Cardiology

ACC/AHA guidance for preventing heart disease, stroke released

The choices we make every day can have a lasting effect on our heart and vascular health. Adopting a heart healthy eating plan, getting more exercise, avoiding tobacco and managing known risk factors are among the key recommendations ...

Neuroscience

Healthy fats improve nerve function in obese mice

Swapping dietary saturated fats for monounsaturated fats reverses nerve damage and restores nerve function in male mice, finds new preclinical research published in JNeurosci. These data support further investigation of diets ...

Genetics

Can a genetic test predict if you will develop type 2 diabetes?

When I got home after work I was surprised to find my husband and three children sitting by the television and watching the news. They had just learned that the direct to consumer genetic testing company 23andMe was now offering ...

Diabetes

Mentally tiring work may increase diabetes risk in women

Women who find their jobs mentally tiring are more likely to develop type 2 diabetes, according to a study published in the European Journal of Endocrinology. The study findings suggest that mentally draining work, such as ...

Diabetes

Strength training may reduce the risk of diabetes in obesity

Strength training over a short time period can reduce fat stores in the liver and improve blood glucose control in obese mice, according to a study published in the Journal of Endocrinology. The study reports that strength ...

Health

Soft drink companies copy tobacco playbook to lure young users

Tobacco conglomerates that used colors, flavors and marketing techniques to entice children as future smokers transferred these same strategies to sweetened beverages when they bought food and drink companies starting in ...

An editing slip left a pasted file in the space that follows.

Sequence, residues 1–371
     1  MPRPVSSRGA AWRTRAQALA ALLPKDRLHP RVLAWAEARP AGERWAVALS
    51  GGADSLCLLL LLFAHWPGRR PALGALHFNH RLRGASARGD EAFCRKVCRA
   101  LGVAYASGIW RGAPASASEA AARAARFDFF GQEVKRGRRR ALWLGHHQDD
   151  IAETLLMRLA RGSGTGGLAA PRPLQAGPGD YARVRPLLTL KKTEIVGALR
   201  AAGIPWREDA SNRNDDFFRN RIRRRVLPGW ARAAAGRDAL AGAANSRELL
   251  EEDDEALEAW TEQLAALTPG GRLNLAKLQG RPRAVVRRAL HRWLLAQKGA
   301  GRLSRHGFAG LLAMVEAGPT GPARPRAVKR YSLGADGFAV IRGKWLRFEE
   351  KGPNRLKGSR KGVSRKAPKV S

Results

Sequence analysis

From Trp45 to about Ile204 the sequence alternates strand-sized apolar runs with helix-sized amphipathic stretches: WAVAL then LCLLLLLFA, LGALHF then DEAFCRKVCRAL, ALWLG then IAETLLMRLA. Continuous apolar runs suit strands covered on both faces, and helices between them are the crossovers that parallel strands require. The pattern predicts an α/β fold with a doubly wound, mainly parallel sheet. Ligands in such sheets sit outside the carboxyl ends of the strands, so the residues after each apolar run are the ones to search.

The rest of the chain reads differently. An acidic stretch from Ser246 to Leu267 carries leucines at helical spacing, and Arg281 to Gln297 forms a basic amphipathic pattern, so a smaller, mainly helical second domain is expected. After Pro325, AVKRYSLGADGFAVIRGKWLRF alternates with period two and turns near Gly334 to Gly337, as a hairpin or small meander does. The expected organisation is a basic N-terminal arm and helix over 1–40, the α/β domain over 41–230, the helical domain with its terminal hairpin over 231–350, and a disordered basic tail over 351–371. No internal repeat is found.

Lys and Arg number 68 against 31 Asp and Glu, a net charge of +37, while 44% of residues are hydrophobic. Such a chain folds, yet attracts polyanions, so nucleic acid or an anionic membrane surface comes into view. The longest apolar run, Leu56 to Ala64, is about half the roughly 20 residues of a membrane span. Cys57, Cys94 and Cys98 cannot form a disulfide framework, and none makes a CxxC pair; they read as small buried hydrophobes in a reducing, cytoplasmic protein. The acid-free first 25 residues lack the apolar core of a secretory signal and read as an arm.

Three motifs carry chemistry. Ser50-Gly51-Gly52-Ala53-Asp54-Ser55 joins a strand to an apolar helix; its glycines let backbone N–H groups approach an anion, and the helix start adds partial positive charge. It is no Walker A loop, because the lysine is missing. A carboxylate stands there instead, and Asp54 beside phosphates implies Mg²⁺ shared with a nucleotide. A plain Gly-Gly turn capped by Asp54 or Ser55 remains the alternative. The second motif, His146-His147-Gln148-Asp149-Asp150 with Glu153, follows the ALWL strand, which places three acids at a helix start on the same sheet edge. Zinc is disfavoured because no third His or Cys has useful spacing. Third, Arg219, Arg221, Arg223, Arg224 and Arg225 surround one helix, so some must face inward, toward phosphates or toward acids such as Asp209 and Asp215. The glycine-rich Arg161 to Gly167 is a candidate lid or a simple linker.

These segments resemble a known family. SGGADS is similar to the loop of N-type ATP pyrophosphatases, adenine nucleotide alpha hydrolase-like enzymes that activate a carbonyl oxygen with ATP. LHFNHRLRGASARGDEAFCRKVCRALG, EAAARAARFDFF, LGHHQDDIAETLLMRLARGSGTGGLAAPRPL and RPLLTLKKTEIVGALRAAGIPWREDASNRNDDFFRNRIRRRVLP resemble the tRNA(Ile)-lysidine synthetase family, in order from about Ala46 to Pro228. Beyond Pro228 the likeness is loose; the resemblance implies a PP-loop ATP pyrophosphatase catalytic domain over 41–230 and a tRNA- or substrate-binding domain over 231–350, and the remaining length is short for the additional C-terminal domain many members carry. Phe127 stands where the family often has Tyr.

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Diabetes mellitus type 2 – formerly non-insulin-dependent diabetes mellitus (NIDDM) or adult-onset diabetes – is a metabolic disorder that is characterized by high blood glucose in the context of insulin resistance and relative insulin deficiency. The classic symptoms are excess thirst, frequently having to urinate, and constant hunger. Type 2 diabetes makes up about 90% of cases of diabetes with the other 10% due primarily to diabetes mellitus type 1 and gestational diabetes. Obesity is the primary cause of type 2 diabetes in people who are genetically predisposed to the disease.

Type 2 diabetes is initially managed by increasing exercise and dietary modification. If blood sugars are not lowered by these measures, medications such as metformin or insulin may be needed. In those on insulin there is typically the requirement to routinely check blood sugar levels.

Rates of diabetes have increased markedly over the last 50 years in parallel with obesity. As of 2010 there are approximately 285 million people with the disease compared to around 30 million in 1985. Long-term complications from high blood sugar can include heart attacks, strokes, diabetic retinopathy where eye sight is affected, kidney failure which may require dialysis, and poor circulation of limbs leading to amputations. The acute complication ketoacidosis is uncommon unlike in type 1 diabetes, nonketonic hyperglycemia however may occur.

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